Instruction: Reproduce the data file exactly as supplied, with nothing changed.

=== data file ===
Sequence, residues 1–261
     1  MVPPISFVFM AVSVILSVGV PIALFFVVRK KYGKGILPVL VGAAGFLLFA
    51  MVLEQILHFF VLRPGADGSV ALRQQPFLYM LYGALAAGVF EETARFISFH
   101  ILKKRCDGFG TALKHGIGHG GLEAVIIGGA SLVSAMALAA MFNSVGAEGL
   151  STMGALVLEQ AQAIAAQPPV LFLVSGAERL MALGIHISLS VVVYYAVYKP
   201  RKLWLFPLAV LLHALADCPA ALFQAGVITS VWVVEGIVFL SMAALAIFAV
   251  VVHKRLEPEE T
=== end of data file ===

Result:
Sequence, residues 1–261
     1  MVPPISFVFM AVSVILSVGV PIALFFVVRK KYGKGILPVL VGAAGFLLFA
    51  MVLEQILHFF VLRPGADGSV ALRQQPFLYM LYGALAAGVF EETARFISFH
   101  ILKKRCDGFG TALKHGIGHG GLEAVIIGGA SLVSAMALAA MFNSVGAEGL
   151  STMGALVLEQ AQAIAAQPPV LFLVSGAERL MALGIHISLS VVVYYAVYKP
   201  RKLWLFPLAV LLHALADCPA ALFQAGVITS VWVVEGIVFL SMAALAIFAV
   251  VVHKRLEPEE T